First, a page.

Institute for Social and Economic Change

Established in 1972 by Professor V K R V Rao, ISEC is an All-India Institute for Interdisciplinary Research and Training in the Social Sciences

Panel 3 – isec

Panel 3

Panel 3

Association of Academic for Social Justice

Conference on

Intergroup Inequality in Indian Society: Magnitude, Nature, Sources, Policies, and the Movement

Organized by

Institute for Social and Economic Change (ISEC), Bengaluru

Indian Institute of Dalit Studies (IIDS), Delhi

Association of Academic for Social Justice (AASJ), Delhi

Dates of conference:
August 23-25, 2023
ISEC, Bengaluru
Panel 3: Issues Related to Political Rights and Representation of Scheduled castes, Scheduled Tribes, Women and Religious Minorities: Under-representation, nominal representation, consequences and assessment of present policies
Political rights are the rights exercised in the formation and administration of a government. These include the right to contest and vote in elections, to participate in governance as an elected representative, the right to join a political party; run for office; and participate freely in political rallies, events, or protests. Political rights are closely tied to citizenship rights.
The contemporary political issues of the scheduled caste, scheduled tribes, women and religious minorities and other marginalized communities relate to unequal access to political rights, and political representation in legislature and in executive, and these will form the focus of discussions under this theme.
The papers will discuss the dimension of unequal presence and participation of the SC/ST/Women /religious minorities in the political sphere, beside restrictions in one form or another on the right to vote, or the right to get elected, and represent in legislature and executive in effective ways.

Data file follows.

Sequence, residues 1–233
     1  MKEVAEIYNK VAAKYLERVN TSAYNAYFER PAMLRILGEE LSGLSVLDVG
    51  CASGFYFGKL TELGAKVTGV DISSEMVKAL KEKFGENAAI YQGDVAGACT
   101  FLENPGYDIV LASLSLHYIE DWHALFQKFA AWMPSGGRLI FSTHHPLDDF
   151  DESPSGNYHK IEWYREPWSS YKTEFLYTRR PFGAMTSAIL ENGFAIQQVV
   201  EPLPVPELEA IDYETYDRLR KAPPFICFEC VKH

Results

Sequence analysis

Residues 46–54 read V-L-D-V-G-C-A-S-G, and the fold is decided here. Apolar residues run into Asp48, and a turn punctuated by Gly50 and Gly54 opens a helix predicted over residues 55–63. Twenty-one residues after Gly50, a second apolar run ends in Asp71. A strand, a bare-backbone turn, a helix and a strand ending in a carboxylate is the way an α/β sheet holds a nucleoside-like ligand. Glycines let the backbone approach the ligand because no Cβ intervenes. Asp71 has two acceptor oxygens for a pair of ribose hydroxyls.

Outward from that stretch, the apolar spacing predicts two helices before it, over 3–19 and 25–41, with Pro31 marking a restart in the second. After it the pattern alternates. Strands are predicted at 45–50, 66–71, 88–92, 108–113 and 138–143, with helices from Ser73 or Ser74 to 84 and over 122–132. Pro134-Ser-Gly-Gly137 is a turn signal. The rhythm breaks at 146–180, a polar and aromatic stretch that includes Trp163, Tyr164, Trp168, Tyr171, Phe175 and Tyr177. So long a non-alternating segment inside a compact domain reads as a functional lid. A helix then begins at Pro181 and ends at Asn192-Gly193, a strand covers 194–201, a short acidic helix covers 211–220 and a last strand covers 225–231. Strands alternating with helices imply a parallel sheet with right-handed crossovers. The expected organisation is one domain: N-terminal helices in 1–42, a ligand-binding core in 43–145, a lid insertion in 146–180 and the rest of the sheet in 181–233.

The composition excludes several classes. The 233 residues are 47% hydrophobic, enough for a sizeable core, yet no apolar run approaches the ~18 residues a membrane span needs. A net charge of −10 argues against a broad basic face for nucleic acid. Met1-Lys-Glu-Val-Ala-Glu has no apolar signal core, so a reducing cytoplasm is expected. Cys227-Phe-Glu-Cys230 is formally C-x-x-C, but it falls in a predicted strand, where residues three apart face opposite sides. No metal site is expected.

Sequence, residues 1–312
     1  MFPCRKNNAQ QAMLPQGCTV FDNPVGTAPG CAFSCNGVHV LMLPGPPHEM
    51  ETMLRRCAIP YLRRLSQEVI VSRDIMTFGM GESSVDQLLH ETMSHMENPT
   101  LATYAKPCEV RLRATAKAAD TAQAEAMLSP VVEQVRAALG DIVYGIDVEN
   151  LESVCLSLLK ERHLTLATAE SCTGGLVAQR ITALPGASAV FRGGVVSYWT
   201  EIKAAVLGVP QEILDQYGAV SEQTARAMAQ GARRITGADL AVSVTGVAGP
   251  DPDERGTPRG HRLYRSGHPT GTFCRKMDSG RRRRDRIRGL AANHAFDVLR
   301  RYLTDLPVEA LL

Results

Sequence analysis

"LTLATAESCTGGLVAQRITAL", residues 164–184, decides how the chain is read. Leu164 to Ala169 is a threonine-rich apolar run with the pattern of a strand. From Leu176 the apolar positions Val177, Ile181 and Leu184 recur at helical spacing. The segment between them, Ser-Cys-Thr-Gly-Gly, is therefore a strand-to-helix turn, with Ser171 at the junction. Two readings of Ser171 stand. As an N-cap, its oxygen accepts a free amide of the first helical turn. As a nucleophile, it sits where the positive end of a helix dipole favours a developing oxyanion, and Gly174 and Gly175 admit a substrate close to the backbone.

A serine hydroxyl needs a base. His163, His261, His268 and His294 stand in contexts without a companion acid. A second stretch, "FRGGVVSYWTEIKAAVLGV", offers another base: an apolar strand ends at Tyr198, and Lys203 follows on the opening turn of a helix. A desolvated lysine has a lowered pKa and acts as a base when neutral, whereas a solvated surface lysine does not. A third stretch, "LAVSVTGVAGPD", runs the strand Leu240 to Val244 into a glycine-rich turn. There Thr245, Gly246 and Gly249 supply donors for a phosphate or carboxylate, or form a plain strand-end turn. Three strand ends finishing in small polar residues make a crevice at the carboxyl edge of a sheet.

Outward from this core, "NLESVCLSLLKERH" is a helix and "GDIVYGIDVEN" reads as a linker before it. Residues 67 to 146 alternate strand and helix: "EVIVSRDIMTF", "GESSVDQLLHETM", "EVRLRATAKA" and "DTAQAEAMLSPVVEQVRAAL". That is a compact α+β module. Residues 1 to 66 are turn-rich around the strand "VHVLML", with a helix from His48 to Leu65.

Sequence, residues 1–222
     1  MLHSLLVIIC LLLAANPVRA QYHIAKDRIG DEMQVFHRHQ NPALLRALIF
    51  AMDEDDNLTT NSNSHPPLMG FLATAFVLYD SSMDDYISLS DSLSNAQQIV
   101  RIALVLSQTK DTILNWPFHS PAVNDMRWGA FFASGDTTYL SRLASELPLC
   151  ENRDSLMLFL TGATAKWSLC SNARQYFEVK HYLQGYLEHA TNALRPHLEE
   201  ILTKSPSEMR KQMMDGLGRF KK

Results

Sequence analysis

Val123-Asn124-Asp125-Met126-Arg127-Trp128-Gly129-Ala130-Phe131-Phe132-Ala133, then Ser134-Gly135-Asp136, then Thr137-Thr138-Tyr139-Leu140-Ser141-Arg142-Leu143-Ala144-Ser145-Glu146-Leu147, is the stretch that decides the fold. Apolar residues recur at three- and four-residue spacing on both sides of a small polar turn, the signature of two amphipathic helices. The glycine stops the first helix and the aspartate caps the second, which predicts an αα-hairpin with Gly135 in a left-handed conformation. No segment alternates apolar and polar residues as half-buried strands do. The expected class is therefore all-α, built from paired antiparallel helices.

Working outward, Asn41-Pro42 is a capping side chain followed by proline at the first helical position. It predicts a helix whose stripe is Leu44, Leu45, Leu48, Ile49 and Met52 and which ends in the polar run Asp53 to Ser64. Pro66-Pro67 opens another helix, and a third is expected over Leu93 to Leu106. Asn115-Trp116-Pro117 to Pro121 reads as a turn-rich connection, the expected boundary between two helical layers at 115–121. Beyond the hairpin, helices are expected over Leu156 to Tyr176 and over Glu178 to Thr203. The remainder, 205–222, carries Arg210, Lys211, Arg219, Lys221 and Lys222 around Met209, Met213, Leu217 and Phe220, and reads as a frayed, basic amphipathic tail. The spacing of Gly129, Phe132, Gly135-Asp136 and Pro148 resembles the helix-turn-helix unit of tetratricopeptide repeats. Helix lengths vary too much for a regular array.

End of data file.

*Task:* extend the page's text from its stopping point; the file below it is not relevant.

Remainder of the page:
The electoral politics is increasingly getting influenced by caste and religious considerations. This invariably results in majoritarian rule with communal-majority party or parties coming to power, thus posing danger to the equal political rights of caste, ethnic, and religious minorities. The papers will also discuss the caste and communal base of political democracy and examine how it undermines the interest of the SC/ST/ and religious minorities.
There is talk about replacing the parliamentary system by presidential system in our country. In fact in some states at the panchayat and municipality level the elections of the sarpanch and mayor are direct. A direct election shall invariably help to elect a sarpanch and mayor from the majority caste or religion. The panelists will examine the implication of such a development on the representation of scheduled caste, scheduled tribes, religious minorities and other marginalised communities.
The papers will also discuss the issue of under-representation of women and Muslims in central and state assemblies. Under this theme the papers will also discuss the effectiveness of political reservation through Joint Electorate, in electing ‘genuinely active’ representatives of scheduled castes and scheduled tribes in various constituencies.
This session will run for three days through parallel session. During these three days we expect to have about 12 parallel sessions, (three sessions each for SC, ST women and religious minorities) and about three Keynote and special lectures on this theme.

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